A quick reflection on high-performance principles discussed in 2021.
Because we are data nerds and love looking at performance (normally energy efficiency), but in this case, we wanted to see which AE blog post topics resonated most in 2021. Below is what Google Analytics told us our top three posts are.
Here’s what this tells us, there is an increased awareness for Passive House Practices even when building an ADU, people want to invest in a sustainable, lasting home, and the building envelope is getting its due time in the spotlight. This has us quite excited and eager to see what 2022 has in store.
1. The Rise of the ADU: Increased popularity AND energy efficiency
Call it a Granny Flat, a Mother-in-Law Suite, a She Shed, a Man Cave, or whatever you want, an Accessory Dwelling Unit (ADU) has become the BIG THING in residential architecture today. ADUs have become a popular feature in homes from city neighborhoods to rural properties, and they make a lot of sense when you dig into the benefits. What we’re seeing, though, is that people not only want to build these additional living spaces on their property, but they want to build it in an efficient manner so that it works for them in the long term.
What is an ADU?
An ADU is an additional living space added to a property, containing all the essential functions of a normal house. They are a solution to the need for affordable housing, population density, and multi-generational living solutions. As the need and interest has grown, many local governments are passing new laws and regulations, allowing for more homeowners to build and rent ADUs. Read the full post and see the video tour!
2. Modern Farmhouse With a Passive Twist: Profile on Greg Fisher’s Millhaus
Long before the modern farmhouse was a trendy term on HGTV, an architect had a vision for design that had a connection to nature, history, sustainability, and all-around innovative design. Greg Fisher, architect based in Fort Collins, Colorado, embraced the concept with his home/office, which has become known in the Passive House community as an example of innovative design with sustainability at heart.
Millhaus is a Passive House project that combines Greg’s personal home, as well as an architectural office that was named for its history as a mill, and the nod to Passivhaus design. Built on the property of a former cherry mill, the 3200 sq. ft. structure became a collaboration between traditional, gabled design, modern aesthetics, and Passive House principles. The house marries traditional materials native to the original structures of the mill with more modern materials like steel. Greg’s project truly personifies his belief that “aesthetics can be part of Passive House.” Read the full post and check out the products selected!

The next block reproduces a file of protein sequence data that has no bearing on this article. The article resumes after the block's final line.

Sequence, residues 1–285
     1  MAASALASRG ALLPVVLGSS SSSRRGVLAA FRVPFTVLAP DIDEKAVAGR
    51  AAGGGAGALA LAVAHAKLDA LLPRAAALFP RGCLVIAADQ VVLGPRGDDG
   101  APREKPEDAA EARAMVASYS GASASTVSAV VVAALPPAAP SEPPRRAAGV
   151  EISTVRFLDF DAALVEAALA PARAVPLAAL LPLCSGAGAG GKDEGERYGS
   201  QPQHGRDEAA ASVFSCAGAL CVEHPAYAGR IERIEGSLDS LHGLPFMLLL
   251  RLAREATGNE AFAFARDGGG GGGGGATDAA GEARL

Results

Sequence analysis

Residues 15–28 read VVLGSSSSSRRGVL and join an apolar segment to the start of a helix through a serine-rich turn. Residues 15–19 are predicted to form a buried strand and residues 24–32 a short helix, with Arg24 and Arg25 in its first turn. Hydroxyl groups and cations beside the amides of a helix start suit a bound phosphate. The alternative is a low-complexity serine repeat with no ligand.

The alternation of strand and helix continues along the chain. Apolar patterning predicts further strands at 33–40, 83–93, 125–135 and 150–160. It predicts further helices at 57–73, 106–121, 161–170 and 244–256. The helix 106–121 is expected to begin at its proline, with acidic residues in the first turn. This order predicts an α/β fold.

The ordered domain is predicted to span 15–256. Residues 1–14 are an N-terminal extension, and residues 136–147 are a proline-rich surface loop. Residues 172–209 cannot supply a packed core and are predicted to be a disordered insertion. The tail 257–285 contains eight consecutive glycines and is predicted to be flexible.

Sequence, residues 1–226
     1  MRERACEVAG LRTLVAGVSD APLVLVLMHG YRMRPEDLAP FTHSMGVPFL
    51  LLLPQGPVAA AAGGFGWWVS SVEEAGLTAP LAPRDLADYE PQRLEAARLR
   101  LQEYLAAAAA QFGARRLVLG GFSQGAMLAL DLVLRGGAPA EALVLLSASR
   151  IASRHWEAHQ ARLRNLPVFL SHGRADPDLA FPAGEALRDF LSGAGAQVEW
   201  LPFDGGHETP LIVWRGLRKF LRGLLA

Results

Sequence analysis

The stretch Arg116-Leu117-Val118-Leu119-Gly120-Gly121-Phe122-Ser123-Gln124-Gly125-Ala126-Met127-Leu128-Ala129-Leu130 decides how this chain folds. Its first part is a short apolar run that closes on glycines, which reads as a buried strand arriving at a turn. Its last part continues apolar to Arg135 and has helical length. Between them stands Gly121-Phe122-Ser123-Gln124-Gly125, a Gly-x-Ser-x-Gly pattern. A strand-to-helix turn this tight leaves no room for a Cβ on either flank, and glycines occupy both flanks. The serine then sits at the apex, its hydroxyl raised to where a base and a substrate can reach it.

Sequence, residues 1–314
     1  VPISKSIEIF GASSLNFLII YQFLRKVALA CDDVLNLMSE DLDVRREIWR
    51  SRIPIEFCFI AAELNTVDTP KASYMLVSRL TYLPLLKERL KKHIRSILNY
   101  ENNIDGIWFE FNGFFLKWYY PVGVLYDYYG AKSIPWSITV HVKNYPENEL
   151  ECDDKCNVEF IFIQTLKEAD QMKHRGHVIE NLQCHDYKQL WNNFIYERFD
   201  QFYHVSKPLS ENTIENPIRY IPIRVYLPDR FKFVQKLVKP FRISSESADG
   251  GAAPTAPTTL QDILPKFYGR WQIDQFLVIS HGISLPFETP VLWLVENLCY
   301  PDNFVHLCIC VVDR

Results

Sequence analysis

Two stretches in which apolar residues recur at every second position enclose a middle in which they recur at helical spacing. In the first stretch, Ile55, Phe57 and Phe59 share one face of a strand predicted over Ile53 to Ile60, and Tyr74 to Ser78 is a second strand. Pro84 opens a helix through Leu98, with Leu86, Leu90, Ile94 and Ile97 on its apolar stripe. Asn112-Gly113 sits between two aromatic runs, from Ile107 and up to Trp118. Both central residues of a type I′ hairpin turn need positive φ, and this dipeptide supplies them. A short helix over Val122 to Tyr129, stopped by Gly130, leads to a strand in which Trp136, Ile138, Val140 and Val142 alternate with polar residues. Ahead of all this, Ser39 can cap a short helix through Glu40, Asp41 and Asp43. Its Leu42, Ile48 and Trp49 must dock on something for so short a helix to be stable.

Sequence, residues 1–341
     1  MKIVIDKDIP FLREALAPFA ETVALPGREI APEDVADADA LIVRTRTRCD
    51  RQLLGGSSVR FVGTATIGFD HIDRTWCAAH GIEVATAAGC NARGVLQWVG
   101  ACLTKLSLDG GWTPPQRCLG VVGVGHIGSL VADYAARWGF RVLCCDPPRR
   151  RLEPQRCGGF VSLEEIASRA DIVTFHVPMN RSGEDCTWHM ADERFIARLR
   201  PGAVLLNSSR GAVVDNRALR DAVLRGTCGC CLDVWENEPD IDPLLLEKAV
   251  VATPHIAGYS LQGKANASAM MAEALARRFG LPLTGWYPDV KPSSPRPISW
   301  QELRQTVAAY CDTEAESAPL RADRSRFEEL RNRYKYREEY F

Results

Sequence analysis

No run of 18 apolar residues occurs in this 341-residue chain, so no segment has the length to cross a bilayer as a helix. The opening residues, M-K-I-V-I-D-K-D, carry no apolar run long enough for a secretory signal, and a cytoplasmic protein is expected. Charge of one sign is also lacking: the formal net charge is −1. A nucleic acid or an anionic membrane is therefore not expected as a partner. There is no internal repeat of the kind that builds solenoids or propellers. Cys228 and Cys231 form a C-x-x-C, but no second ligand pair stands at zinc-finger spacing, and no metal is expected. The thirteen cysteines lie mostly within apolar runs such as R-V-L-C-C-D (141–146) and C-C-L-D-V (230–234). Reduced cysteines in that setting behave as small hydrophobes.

3. Passive House Air Infiltration Hot Spots
Building a sustainable building envelope is easy…until you add in openings. Wouldn’t it be nice to be able to make efficient building envelopes in a snap? But that’s not how life works. We need doors and windows and vents and openings in order for a building to function. So, alas, we have to deal with holes in the building envelope that complicate our lives, especially when we’re working to build with Passive House practices in mind. But with each hole we make in a building, we need to pay attention to ensure there is minimal air infiltration.
Why Should You Care?
Every hole in a building envelope is an area of extreme complexity. It becomes an area where you have to focus structural attention to ensure that it functions properly, but it also becomes a juncture for energy (heat) and air to escape. When it comes to Passive Home tactics, we care about this a lot because these junctures are usually where most of our inefficiencies come into play. Therefore, we need to make sure we pay special attention to these areas to ensure that we can maintain an efficient, effective structure. Read the full post for the top culprits!
The team at AE Building Systems sends out a monthly newsletter with Passive House and high-performance building insights—have you subscribed? We wish all of our clients, colleagues and industry friends a wonderful New Year; see you in 2022.